Or maybe the oversight is a lot of hooey anyway. The Egyptian dialing-code fiasco, for example, was never passed on to the NSA’s “oversight staff,” but it was the subject of a “quality assurance review,” which sounds like the sort of follow-up you get when you buy a fridge from Sears. Maybe they could just have NSA customer-service representatives announcing that your call may be monitored for quality-control purposes at the start of every telephone conversation. Of course, most customer-service representatives are based in India (telephone code 91) but there’s a sporting chance the NSA would confuse it with Kansas (code 913), which could do wonders for the employment rate.

NSA personnel additionally fall under the external oversight of the FISA Amendment Act, which means the Department of Justice and Office of the Director of National Intelligence. A leaked document instructs NSA agents to remove all details of the “targeting rationale” except for “one short sentence” in generic language. An actual example from the leaked document:

“Mohammad Badguy was on the buddy list of al Qaeda in Mogadishu, Somalia.”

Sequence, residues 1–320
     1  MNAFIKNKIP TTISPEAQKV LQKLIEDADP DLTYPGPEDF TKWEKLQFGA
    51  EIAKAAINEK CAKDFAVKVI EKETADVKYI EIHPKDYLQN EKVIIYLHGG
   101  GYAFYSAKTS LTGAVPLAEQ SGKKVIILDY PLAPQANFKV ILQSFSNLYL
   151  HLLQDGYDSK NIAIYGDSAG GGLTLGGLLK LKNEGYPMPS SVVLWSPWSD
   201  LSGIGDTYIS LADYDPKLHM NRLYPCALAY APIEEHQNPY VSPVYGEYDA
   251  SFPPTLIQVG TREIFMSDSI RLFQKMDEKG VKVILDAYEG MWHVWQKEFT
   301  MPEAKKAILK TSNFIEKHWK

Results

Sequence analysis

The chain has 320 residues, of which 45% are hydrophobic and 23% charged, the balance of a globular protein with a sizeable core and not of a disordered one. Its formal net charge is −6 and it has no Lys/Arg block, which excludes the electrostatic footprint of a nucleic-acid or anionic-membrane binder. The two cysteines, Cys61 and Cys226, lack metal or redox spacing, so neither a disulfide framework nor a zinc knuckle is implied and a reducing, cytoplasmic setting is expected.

That’s way too much information. In order to comply with federal oversight, it should be amended to:

“Selector was found on buddy list of al Qaeda in Somalia.”

“Selector was found on selector list of al-Selecta in Selectistan” would probably work, too.

Okay. Well, how about this Foreign Intelligence Surveillance Court that has to sign off on everything? The chief judge of the FISC court, Reggie B. Walton, says that he can only “rely upon the accuracy of the information that is provided to the Court.” So, if it sounds kosher, it probably is.

I once bought my daughter a Siamese kitten in rural Québec and drove her back to my home in New Hampshire. At the border post, the guard leaned in the window and said, “You better have some paperwork for that cat.” I handed over the official form from the Ordre des médecins vétérinaires du Québec. The officer stared at it for a few seconds, and then asked, “Do you understand French?”

“Yes,” I said.

“Does this seem on the level to you?”

“Yes,” I said. She waved us through.

That’s basically what FISA court “oversight” boils down to. And, insofar as they decide it isn’t on the level, it’s usually after the fact.

What does that leave? Congressional oversight? Senator Dianne Feinstein said that she had not seen the 2012 NSA audit on its 2,776 legal violations until the Washington Post asked her about it. Which means until Edward Snowden brought it to her attention. So she’s just another rubber stamp, too. Most nations that spy on their own citizens manage to make do with one fig leaf of accountability, but in money-no-object Washington there are fig leaves without end.

Meanwhile, the Wall Street Journal reports that the IRS is continuing to target American citizens according to their political ideology — and that’s before they have your Obamacare records to frolic and gambol in.